The usage of ‘unicorn’ to describe a tech company worth at least $1 billion is a coinage of the past decade, but the first of its kind may well date back to 1960s, with semiconductor giant Intel as the exclusive club’s first member. Then came Apple, Oracle, Microsoft, Google, Amazon and Facebook—a rare, once- or twice-in-a-decade phenomenon in that era—that went on to become the ‘super-unicorns’ (worth over $100 billion). It was only by the 2010s that the club opened, as the number increased to include non-American and Indian startups, too. At last count, the world had roughly 800 unicorns (as per CB Insights, a global database on internet venture funding).
India, as of mid-August, is home to roughly 50, half of them minted in 2021 (excluding buyouts and flameouts). This surge catapults it to No 3 in the world, after Silicon Valley and China (albeit, a distant third)—a surefire sign that the country’s tech startup scene has crossed a new threshold.
Aileen Lee, founder of seed stage fund Cowboy Ventures, introduced the terms unicorn and super-unicorn to the startup lexicon eight years ago to analyse the prospects of the 39 $1 billion-plus tech ventures Silicon Valley boasted till 2013.
Lee’s findings, which she put out in TechCrunch, suggested that .07 percent, or 39, of roughly 60,000 internet and software companies funded in the 2003-2013 decade went on to become unicorns. That strike rate would have shot up since, what with the US boasting over 400 unicorns as of mid-August.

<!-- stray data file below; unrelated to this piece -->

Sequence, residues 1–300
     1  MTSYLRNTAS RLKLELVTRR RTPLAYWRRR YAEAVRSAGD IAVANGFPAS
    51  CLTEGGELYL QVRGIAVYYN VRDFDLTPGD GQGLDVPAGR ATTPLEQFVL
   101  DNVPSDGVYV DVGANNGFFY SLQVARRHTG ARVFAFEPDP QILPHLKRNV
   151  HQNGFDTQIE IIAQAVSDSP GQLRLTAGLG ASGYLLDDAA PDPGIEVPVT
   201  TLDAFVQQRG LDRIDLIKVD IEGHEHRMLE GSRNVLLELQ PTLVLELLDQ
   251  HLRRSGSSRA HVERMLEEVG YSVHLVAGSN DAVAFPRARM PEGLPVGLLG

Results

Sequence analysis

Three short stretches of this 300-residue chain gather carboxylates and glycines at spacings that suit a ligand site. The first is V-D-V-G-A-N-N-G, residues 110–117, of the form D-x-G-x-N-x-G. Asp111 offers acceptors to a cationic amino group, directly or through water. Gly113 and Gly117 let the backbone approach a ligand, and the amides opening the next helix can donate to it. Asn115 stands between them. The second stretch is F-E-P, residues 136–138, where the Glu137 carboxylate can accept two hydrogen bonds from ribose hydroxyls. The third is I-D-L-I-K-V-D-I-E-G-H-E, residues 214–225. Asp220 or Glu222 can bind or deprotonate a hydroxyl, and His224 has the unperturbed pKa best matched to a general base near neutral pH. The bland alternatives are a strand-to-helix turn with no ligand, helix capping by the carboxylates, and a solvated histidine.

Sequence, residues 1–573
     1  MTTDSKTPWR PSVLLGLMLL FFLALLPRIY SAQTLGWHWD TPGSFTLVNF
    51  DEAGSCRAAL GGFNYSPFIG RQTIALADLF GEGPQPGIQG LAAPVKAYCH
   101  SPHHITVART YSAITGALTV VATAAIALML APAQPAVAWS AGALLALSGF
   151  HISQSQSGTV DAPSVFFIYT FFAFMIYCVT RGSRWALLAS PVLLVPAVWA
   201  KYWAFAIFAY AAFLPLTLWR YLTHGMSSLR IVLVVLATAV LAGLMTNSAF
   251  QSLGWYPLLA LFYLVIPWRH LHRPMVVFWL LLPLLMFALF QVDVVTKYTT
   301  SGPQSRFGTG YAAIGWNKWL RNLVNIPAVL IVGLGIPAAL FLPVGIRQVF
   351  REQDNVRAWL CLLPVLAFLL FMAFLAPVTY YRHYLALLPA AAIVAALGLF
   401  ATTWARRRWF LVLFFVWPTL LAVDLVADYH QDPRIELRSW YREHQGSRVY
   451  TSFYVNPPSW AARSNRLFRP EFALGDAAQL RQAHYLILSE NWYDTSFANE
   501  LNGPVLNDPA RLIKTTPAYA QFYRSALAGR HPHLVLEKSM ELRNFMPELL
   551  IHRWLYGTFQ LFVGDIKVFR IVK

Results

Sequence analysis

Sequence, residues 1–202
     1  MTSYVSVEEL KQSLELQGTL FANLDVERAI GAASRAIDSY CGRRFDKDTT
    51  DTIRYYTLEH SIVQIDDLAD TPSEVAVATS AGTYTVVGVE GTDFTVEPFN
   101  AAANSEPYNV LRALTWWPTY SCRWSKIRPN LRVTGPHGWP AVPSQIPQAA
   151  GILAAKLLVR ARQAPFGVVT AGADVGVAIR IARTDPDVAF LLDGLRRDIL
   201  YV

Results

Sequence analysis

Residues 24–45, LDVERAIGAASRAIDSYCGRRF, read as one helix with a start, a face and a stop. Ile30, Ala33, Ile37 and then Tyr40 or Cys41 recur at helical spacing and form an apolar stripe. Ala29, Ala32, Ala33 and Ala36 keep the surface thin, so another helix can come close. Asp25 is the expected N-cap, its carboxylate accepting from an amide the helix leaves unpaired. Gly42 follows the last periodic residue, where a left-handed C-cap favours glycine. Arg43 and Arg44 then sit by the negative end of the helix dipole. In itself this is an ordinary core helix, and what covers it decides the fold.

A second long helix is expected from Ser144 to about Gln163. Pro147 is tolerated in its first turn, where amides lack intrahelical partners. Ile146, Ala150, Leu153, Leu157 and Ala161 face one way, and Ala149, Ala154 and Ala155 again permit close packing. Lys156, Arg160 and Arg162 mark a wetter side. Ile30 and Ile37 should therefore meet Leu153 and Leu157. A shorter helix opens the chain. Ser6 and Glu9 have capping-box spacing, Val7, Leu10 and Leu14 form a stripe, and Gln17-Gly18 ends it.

Let’s do a similar, though not comparable, exercise for India now. According to tech media platform Inc42, India had some 3,436 funded tech startups in the 2014-2020 period. The number of unicorns created in that period is 34 (including buyouts and flameouts). Which would mean that just under 1 percent of India’s funded tech ventures went on to become unicorns till 2020.
The current year will improve that strike rate, what with 25 more unicorns emerging in the first eight months (till mid-August), and many more on their way. As Rajiv Singh, who has penned this fortnight’s Cover Story on the ‘Charge of the Unicorns’, points out: “Along with the increasing number of unicorns, what is also significant is the pedigree of these startups: Deeper tech (software-as-a-service, fintech and B2B), low cash burn and more often than not profitable.” For more insights on the funding surge, the robustness (and lack of it) of business models and the future for these unicorns—decacorns, super-unicorns and unicorpses.
The breathless bearing of billion-dollar behemoths, in tandem with a public issue blitz and soaring stock indices, doubtless mirrors the potential of the Indian economy and its entrepreneurs. But how reflective is it of an economy that’s trying to come to grips with the ravages of a pandemic, which may still have some legs? A Forbes India package of stories seeks to discover slivers of economic recovery across manufacturing, exports, agriculture, credit growth and jobs. The scenario is perhaps the bleakest on the jobs front, against the backdrop of the devastation wreaked on the informal sector by Covid-19. In ‘Reemploying India’, Divya Shekhar delves into what is needed to create sustainable, quality opportunities for the millions of unemployed.
How much of a role can the funds-fuelled startups play in job-creation? That’s what Mansvini Kaushik and Anubhuti Matta sought to find out in bustling sectors like edtech, fintech and healthtech. Their verdict? It may be early days yet but, over the longer term, startups and the gig economy can be a significant contributor to GDP and employment.
Editor, Forbes India